Katherine Anne Porter Biography, Life, Interesting Facts
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Childhood And Early Life
American writer Katherine Anne Porter was born on the 15 May 1890 in Indian Creek, Texas to Mary Alice Jones and Harrison Boone Porter. Her father was a descendant of Jonathan Boone who was the brother of the American explorer Daniel Boone. Her father was also related to the writer Sidney Porter.
Porter’s mother died in 1892 and she, along with her four siblings, went to live with her grandmother. Her grandmother died when she was eleven, and the family lived a transient life with their father before Porter was placed in a school run by nuns. In 1906, when she was sixteen, she moved away from the convent.
Porter was a pupil at the Thomas School, San Antonio, Texas in 1904 but her knowledge was patchy, and she left school at sixteen.
Rise To Stardom
Porter had an early marriage which lasted three years, and after her divorce, she moved to Chicago and tried to forge an acting career and then returned to Texas where she worked as a singer and secretary. For two years Porter had a job working for the Fort Worth publication Critic as a columnist (1917).
Porter then worked for the Rocky Mountain News in Colorado (1918-1919) after which she moved to New York City where she started working as a journalist and freelance writer to support herself. In 1920 Porter worked in Mexico for a magazine as the English editor for El Heraldo de México. During this time met Diego Rivera and became interested in revolutionary politics.
Porter's first published story, Maria Concepcion, appeared in Century magazine then in 1930, her first book, Flowering Judas, a collection of short stories, was published, critics liked the book, but it did not sell many copies. Porter was awarded a Guggenheim fellowship, and she used it to travel to Mexico and Germany in 1932. She also lived in Basel, Switzerland and Paris, France when her husband at the time, Eugene Pressley, was in the employment of the American foreign service.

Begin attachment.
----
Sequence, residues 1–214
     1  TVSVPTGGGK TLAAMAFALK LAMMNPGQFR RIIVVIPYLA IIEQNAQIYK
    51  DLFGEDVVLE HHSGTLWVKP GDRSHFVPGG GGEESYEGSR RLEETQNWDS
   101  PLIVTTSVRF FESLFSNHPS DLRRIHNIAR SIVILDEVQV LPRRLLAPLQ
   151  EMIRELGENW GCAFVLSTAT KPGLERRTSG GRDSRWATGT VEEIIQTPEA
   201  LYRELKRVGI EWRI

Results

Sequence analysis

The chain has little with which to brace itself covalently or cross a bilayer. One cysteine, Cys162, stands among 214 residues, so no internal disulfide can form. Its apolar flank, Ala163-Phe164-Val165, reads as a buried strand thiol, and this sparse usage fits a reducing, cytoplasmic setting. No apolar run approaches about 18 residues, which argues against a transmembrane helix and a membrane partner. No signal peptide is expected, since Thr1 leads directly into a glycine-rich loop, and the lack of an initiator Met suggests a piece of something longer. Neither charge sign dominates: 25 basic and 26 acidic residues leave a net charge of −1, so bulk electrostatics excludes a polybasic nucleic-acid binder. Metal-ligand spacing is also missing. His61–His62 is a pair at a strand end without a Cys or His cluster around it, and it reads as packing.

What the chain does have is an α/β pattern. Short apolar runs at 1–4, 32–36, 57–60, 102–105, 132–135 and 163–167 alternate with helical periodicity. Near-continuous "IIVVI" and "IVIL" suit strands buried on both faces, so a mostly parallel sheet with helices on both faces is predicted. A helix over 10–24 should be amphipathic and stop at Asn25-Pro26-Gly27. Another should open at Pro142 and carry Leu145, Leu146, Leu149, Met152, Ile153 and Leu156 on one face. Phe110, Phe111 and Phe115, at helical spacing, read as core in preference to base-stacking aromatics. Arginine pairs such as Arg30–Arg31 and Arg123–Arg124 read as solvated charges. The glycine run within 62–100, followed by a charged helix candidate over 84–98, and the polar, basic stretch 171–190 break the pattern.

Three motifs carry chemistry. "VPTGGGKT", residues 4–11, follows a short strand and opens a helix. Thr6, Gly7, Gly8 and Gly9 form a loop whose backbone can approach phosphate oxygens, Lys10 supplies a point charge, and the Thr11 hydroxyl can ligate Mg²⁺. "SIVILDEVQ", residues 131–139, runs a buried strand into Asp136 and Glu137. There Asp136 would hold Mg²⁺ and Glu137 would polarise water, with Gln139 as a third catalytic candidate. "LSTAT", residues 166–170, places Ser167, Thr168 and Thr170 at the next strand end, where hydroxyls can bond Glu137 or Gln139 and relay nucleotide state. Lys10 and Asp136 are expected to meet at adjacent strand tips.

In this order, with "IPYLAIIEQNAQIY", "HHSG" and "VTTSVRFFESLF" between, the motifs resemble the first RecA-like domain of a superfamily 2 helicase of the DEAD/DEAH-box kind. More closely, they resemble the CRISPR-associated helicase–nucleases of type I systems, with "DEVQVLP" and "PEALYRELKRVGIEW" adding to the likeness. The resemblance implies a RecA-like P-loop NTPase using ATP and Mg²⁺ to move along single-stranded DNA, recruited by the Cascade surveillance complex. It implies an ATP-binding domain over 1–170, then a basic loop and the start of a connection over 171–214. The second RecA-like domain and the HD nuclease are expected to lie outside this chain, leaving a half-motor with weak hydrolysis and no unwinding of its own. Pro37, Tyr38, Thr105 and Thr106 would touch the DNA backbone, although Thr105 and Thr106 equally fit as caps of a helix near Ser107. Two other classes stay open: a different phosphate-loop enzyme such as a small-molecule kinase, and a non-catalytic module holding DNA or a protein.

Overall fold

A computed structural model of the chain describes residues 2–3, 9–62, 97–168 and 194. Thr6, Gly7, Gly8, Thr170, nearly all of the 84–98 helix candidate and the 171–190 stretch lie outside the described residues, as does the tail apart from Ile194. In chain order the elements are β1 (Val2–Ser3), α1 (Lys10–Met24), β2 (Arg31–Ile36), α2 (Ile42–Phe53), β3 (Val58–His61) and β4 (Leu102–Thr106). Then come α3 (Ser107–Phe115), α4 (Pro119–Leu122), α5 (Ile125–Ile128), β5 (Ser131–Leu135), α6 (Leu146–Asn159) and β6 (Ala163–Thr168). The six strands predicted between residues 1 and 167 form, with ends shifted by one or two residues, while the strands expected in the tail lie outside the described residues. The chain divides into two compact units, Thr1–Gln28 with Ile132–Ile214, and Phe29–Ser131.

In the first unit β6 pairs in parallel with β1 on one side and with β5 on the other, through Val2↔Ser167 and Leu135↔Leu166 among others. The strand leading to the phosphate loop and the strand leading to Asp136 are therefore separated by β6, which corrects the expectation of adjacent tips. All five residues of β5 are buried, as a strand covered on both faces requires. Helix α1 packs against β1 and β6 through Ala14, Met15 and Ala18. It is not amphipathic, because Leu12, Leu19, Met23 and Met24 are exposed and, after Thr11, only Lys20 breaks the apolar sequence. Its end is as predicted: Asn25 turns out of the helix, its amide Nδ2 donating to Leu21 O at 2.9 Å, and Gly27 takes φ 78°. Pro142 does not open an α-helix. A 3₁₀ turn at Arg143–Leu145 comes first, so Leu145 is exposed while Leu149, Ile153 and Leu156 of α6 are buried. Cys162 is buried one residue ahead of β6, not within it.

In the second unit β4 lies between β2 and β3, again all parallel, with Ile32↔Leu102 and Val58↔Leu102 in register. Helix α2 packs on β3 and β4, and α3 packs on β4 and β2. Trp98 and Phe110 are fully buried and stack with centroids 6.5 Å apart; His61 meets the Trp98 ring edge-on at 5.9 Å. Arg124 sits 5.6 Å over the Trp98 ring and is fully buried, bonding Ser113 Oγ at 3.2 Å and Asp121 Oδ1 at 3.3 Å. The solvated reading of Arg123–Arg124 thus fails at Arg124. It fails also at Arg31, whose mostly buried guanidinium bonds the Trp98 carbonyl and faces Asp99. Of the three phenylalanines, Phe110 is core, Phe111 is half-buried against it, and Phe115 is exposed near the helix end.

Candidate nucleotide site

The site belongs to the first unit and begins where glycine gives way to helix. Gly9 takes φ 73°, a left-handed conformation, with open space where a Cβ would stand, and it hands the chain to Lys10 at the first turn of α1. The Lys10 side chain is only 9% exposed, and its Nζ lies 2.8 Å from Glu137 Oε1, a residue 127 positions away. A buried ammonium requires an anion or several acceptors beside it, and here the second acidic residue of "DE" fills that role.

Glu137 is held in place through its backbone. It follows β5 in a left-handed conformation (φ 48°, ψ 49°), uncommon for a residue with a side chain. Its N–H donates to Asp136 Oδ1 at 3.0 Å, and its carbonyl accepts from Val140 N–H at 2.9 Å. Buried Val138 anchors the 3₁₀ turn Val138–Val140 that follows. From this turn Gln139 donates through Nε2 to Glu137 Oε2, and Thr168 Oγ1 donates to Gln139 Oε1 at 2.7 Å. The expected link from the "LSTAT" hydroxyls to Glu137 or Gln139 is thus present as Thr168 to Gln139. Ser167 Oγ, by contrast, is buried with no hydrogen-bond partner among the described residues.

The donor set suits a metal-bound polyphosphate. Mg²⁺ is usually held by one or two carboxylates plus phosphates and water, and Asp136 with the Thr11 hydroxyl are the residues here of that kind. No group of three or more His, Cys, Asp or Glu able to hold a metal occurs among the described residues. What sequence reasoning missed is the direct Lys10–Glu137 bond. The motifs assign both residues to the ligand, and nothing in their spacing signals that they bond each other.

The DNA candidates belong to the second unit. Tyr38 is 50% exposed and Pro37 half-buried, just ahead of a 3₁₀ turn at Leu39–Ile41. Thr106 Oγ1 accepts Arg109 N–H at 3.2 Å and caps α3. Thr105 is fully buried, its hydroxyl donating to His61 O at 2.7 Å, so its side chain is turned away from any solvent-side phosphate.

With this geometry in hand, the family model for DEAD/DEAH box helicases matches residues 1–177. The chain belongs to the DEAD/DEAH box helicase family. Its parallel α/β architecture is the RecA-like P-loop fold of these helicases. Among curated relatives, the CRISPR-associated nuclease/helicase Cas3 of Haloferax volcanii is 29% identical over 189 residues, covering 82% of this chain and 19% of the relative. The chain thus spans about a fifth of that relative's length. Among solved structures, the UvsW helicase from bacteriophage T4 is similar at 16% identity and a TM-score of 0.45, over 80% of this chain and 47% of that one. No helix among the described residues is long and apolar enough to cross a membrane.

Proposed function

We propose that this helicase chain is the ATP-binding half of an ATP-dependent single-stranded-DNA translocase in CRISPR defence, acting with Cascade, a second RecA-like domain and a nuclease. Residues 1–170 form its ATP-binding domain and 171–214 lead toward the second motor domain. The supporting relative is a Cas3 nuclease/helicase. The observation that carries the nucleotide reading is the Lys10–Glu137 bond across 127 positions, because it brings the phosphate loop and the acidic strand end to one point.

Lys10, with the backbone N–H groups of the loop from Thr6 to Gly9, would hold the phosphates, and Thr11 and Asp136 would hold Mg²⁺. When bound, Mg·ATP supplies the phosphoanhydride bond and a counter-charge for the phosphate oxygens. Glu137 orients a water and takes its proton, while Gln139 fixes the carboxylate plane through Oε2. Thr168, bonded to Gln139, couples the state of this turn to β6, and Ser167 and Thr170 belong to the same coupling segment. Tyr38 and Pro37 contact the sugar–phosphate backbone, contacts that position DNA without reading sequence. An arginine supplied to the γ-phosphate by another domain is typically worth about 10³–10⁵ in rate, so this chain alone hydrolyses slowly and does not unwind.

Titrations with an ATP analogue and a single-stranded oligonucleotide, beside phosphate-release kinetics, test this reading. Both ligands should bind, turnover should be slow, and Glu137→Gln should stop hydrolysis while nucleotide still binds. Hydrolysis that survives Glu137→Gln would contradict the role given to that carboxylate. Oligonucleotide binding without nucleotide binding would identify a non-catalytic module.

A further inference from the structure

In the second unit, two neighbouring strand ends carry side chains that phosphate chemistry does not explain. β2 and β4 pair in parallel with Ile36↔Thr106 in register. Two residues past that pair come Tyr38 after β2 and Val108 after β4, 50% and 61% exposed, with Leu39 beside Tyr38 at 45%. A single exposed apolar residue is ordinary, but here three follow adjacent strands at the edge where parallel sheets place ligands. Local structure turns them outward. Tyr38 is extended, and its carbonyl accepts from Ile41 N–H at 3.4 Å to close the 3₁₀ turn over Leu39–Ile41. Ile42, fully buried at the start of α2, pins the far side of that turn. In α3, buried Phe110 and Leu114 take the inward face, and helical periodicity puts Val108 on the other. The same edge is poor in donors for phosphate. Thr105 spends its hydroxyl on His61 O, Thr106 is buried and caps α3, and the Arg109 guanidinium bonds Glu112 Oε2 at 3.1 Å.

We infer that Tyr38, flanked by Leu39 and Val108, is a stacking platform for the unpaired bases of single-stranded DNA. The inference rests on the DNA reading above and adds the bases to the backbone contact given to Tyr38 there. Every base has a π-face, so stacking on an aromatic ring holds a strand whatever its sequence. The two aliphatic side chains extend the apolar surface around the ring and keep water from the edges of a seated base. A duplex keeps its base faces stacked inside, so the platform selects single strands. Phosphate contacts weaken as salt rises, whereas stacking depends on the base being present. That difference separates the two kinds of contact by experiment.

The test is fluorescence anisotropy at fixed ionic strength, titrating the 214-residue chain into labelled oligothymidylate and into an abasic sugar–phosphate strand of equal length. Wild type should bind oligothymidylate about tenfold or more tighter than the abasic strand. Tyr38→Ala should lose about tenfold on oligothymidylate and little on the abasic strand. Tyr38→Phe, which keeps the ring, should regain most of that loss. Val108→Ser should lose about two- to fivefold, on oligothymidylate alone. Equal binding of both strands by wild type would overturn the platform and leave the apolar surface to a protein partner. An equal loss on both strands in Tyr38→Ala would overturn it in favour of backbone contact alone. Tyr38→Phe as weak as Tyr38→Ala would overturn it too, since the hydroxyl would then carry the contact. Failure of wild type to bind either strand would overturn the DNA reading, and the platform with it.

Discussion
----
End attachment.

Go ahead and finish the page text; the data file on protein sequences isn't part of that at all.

Her second book, Hacienda was published in 1934 and Noon Wine, a novelette appeared in 1937. Pale Horse, Pale Rider was released in 1942 and included the novelette Noon Wine. In 1944, The Leaning Tower and Other Stories were published. A set of essays, The Days Before was released in 1952. In 1962, the novel Ship of Fools came out. This novel was a best-seller and dealt with a group of people and their reaction to the rise of Nazism.
Porter taught at various universities including Stanford University (1948-1949), University of Michigan (1953-1954), University of Virginia (1958) and Washington and Lee University (1959).
Awards And Achievements
Pale Horse, Pale Rider (1939) was acknowledged when Porter won a gold medal for literature from the Society of Libraries of New York University (1940). She became a member of the National Institute of Arts and Letters (1943). The Collected Stories of Katherine Anne Porter won the US National Book Award (1965) in 1966 as well as a Pulitzer Prize the same year.
Porter also won a Texas Institute of Letters award for her novel, Ship of Fools and was also presented with an honorary degree from the University of Maryland.
Porter married Texan John Henry Koontz when she was sixteen but the marriage was not happy, and they divorced in 1915. She had a brief marriage to Ernest Stock in 1926-1927, living with him in Connecticut during that time. She married Eugene Pressley in 1933 and divorced him in 1939 to marry Albert Russel Erskine Jr., who divorced her in 1942.
Katherine Anne Porter died in on the 18 September 1980 in Silver Spring, Maryland. She was ninety years old. Porter left no direct descendants.
Her childhood home in Texas was turned into a museum.
The Letters of Katherine Anne Porter were published posthumously.
Porter converted to Catholicism around the time of her first marriage to Koontz, and although she went through stages of rejecting all religion, she returned to Catholicism in later years.
Diseases And Disabilities
Katherine Anne Porter was diagnosed with tuberculosis in 1915 and spent time in a sanatorium. She also survived the great flu pandemic of 1918 which swept the world and killed millions.